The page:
- 1 Cavities, Tooth Decay, Dental Caries
- 2 Tooth Pain After Cavity Filling: Is It True?
- 3 Why is There Tooth Pain After Cavity Filling?
- 4 Tooth Pain After Cavity Filling: What to expect
- 5 Tooth Pain After Cavity Filling: What Should I Do?
- 6 What Dental Procedures Can Cause Tooth Pain Or Sensitivity?
When you go to your dentist, you may already feel some pain or discomfort concerning your teeth and gums. You expect that dental procedures will give you relief. So, it may sound justified if you feel wronged when your dentist did a procedure to repair the tooth cavities, but you still feel the pain. What’s worse is the idea that you were not feeling any discomfort before, but you suddenly experience tooth pain after cavity filling.
Is tooth pain after cavity filling treated as normal? Should we expect tooth sensitivity before and after a dental procedure? What corrective dental treatments cause tooth sensitivity post-procedure? Let’s answer these questions and understand how tooth problems get resolved.
Cavities, Tooth Decay, Dental Caries
Are you wondering what the difference between cavities, tooth decay, and dental caries is? The truth is, these terms mean the same thing. These terms mean that bad bacteria living inside your mouth have been attacking your teeth and gums, causing damage to your tooth enamel. As the dental injury progresses, it digs deep into your tooth, reaching the pulp where the nerves and blood vessels are, causing you pain and tooth sensitivity.
However, we have to understand that cavities, throughout their early stage, do not cause pain. They would start as a white spot looking like a stain or discoloration. They would only make their existence be felt when they get inside the tooth. Once the bacteria reach the nerves, they act as pain receptors that transmit impulses to the brain to feel discomfort, and tooth sensitivity sets in. This is the very reason why dentists recommend regular consultation so they can monitor any dental issue and prevent any untoward dental ache.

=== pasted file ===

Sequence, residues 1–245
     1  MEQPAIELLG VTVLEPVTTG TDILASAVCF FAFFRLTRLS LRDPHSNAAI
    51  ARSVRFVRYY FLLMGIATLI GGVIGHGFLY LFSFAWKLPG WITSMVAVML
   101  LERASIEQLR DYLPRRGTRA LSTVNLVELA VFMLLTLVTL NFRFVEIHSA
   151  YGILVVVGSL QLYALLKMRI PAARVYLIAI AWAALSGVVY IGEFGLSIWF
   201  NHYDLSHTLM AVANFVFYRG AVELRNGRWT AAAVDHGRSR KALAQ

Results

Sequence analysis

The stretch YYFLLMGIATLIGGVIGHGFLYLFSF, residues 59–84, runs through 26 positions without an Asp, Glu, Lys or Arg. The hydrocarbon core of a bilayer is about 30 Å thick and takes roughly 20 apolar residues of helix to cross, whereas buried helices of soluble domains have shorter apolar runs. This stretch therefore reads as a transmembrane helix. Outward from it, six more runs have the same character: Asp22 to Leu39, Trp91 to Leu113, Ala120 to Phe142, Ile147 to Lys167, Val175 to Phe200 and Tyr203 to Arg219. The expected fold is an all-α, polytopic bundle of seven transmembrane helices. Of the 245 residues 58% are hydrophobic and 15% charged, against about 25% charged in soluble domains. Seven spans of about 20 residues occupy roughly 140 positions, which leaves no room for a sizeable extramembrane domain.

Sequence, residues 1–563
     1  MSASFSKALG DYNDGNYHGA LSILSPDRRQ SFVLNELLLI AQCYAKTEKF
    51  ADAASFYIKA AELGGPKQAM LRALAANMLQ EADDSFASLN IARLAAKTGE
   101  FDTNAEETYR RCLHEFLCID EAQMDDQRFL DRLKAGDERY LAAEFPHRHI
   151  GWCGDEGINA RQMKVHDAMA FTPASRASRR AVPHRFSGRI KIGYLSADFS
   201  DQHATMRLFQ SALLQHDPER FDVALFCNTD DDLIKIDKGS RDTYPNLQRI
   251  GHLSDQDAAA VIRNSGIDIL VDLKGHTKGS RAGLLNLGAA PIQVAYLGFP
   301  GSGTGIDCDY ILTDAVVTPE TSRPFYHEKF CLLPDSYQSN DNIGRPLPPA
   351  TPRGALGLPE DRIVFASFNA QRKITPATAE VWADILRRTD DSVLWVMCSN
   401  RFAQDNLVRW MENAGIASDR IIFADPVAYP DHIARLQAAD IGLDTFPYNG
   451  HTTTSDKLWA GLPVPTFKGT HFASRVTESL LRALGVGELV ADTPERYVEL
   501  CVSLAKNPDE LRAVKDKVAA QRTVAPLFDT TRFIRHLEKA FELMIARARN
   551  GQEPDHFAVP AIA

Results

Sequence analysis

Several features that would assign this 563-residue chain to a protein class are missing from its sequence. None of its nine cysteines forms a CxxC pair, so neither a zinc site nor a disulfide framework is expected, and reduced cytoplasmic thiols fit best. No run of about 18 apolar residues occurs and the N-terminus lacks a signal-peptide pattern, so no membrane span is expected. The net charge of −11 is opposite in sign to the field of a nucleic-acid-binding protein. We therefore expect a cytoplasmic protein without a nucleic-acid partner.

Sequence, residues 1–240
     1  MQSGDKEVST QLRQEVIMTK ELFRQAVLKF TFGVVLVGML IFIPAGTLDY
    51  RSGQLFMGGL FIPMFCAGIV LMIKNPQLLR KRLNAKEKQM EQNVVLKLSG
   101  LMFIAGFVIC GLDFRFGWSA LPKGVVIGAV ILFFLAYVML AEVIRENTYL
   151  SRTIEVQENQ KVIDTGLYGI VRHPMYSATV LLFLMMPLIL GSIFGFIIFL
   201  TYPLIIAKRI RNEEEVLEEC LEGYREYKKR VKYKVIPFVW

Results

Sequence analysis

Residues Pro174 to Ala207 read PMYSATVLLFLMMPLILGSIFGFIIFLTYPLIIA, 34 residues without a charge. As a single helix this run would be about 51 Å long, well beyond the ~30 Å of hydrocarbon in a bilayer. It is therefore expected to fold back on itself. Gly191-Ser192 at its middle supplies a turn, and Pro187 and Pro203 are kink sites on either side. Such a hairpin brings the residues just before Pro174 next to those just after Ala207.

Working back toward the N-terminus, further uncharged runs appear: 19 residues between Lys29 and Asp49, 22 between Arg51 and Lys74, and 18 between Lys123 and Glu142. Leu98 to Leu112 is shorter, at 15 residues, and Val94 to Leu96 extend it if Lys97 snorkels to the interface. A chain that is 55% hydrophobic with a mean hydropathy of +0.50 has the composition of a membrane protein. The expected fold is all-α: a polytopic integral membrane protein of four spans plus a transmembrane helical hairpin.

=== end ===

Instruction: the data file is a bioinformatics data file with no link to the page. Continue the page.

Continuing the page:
Tooth Pain After Cavity Filling: Is It True?
We now understand that advanced tooth decay can cause tooth sensitivity, so dentists recommend having them cleaned and filled. The procedure entails your tooth be thoroughly cleaned and inspected. Once free from any decayed areas, the dentist then fills the void and seals it with amalgam, metal, or composite resin fillings. This procedure promises efficiency in preventing further tooth decay and the spread of the bacteria to other parts f the teeth, even to the blood vessels that may spread the infection to other parts of the body.
But, is it true that when you get rid of a cavity and place a dental filling, this corrective procedure may lead to some sensitivity? The answer is yes; you may feel tooth pain after cavity filling. Your dentist may explain that even before the treatment starts, so you would know what to expect during and after your treatment session.
Why is There Tooth Pain After Cavity Filling?